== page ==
Team preview: Michigan

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(Information in this team report is as of October 1.)

Having completed the long, arduous climb from probationary outcasts through consistent mediocrity and at last respectability, the Michigan Wolverines are expecting to complete their journey this season and finally get back to the NCAA Tournament.

The Wolverines haven't been a part of March Madness since 1998, but if last year's NIT runners-up can build on the momentum gained by that run to New York City, coach Tommy Amaker will finally be able to say he has met the expectations thrust upon him when he left Seton Hall for Ann Arbor five years ago. All he's got to do is take a team that's knocking on the door and help it take the last steps across the threshold.

"We try not to use the word 'expectations' a lot, but I think it's obvious where we are right now and what our next step will be," Amaker said. "Our next step is to make the NCAA Tournament. That's certainly a driving force for us and for our program.

" … For us right now, overall, looking at our program, I think it's very healthy. When you look at the graduation of our seniors, when you look at how competitive we've been and even our recruiting, we feel like we have our program built. Now it's a matter of us continually pushing the program to the heights where we think we deserve to be. The next logical, realistic step is to become an NCAA Tournament-caliber team."

Of course, the Wolverines have been in this position before, including two years ago when they won the NIT, then were wracked by injuries the following year and sputtered through a disappointing season. Last year, the injury bug again bit Michigan hard -- several players missed a combined total of 86 games and Amaker had to deploy 16 different starting lineups.

Amaker didn't have his full squad healthy for any game last year, but the Wolverines managed a number of steps in the right direction anyway, including a 72-64 victory over No. 8 Illinois, their first victory over a top-10 team in eight seasons and Amaker's first win against the Illini in 13 games. They also beat ranked opponents back-to-back for the first time since 1994 with victories over Wisconsin and Michigan State in January, and the Wolverines themselves cracked the national top 25 for the first time since 1998, peaking at No. 21 in the AP poll.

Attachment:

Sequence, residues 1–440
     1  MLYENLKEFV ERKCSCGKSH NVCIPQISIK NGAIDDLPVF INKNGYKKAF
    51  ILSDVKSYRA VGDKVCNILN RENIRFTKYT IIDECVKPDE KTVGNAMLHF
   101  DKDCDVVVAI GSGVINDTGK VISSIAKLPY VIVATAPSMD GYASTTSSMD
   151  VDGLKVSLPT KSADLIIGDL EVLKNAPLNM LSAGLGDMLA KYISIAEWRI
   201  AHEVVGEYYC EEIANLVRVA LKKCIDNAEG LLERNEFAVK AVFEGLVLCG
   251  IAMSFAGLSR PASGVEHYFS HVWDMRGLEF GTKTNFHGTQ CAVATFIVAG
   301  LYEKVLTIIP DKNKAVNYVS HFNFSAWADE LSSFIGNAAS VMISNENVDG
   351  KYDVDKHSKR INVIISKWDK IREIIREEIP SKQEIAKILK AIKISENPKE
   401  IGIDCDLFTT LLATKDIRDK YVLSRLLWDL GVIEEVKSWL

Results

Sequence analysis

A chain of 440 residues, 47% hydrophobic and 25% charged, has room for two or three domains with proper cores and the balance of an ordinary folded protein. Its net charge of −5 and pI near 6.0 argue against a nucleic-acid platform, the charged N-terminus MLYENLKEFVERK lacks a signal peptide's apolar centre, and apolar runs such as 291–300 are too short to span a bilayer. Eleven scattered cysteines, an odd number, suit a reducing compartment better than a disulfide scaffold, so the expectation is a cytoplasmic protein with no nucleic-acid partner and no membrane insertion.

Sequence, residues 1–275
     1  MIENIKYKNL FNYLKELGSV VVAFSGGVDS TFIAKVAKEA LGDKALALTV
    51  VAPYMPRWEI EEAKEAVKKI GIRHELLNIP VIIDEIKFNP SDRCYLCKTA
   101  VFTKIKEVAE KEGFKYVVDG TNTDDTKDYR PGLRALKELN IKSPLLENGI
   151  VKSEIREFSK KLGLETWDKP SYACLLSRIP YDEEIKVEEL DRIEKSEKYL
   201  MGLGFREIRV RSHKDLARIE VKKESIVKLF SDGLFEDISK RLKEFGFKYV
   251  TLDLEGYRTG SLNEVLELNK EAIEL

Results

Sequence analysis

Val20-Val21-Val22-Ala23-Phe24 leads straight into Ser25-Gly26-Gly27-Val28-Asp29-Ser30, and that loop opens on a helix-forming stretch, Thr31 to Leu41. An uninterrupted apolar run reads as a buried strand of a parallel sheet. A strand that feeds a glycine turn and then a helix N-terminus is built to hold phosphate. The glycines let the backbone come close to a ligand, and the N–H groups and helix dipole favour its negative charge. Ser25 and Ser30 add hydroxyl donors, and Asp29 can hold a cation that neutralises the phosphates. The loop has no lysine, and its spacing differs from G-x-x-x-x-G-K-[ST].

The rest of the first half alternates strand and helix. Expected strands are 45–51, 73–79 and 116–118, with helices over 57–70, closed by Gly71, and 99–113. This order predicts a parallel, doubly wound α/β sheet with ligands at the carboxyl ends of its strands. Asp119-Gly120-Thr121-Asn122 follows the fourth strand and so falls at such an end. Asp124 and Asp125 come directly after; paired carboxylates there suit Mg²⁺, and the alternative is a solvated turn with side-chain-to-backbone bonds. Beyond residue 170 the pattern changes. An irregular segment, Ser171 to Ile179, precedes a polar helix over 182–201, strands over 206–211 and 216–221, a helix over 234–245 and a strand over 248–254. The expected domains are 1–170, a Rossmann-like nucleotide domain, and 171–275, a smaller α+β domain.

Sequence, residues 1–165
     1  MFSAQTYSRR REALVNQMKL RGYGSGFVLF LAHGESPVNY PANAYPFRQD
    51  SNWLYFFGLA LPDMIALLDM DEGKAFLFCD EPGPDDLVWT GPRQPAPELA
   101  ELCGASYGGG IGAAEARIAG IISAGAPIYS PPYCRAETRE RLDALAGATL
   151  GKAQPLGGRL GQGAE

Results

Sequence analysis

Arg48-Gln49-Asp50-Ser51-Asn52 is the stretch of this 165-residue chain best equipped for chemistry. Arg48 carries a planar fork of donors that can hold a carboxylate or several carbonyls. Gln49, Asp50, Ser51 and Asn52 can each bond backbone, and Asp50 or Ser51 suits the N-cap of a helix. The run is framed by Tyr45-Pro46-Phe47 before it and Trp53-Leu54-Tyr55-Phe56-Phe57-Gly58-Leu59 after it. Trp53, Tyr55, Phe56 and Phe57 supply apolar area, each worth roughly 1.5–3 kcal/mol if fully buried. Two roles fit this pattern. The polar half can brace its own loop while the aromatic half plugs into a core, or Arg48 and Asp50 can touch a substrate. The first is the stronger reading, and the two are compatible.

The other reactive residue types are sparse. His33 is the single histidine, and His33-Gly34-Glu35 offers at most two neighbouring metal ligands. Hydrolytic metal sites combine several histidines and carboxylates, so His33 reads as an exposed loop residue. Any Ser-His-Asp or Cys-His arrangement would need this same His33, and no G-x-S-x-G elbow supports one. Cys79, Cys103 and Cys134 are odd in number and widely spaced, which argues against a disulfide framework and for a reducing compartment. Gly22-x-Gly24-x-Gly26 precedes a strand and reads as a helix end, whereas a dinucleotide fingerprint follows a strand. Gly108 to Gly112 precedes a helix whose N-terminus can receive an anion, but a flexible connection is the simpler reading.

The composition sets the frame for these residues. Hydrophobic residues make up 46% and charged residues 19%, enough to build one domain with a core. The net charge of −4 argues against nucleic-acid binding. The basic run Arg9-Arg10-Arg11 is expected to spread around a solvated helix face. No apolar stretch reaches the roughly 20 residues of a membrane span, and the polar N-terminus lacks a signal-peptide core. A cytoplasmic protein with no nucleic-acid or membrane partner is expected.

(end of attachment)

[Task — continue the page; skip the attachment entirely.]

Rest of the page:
But that success didn't last, as Michigan lost six of its final eight regular-season games, then fell to Minnesota -- a team it had twice beaten handily earlier in the year -- in the first round of the Big Ten tournament, effectively killing any chances of reaching the NCAA tourney.

Now, Amaker has to hope he can rally his team past that disappointment and find a way to jumpstart the veterans' confidence while showing the ropes to a large contingent of new recruits and still-untested underclassmen.

"It seems like every year, we go into the season talking about how deep our roster is going to be, and every year, we end up with some guys out of the mix for whatever reason," Amaker said. "I try to stay away from that kind of talk now. If we can have competitive, spirited practices for those guys that are competing for those minutes, it's only going to make us better."

Michigan brings back a handful of experienced players in key roles, but must replace a pair of three-year starters. Guard Daniel Horton (17.6 ppg, 2.5 rpg, 5.3 apg) turned in career highs in scoring and a .901 mark from the free-throw line, the second-best performance from the line in Michigan history, and was a first-team All-Big Ten pick by the media.

Forward Graham Brown (5.1 ppg, 7.3 rpg, 1.2 apg) led the team in rebounding last year, cracking double figures on the boards 10 times in the process, including an Assembly Hall record 21 rebounds against Indiana on Jan. 3.

The Wolverines also lost reserve centers Chris Hunter (7.0 ppg, 3.5 rpg, 0.9 bpg).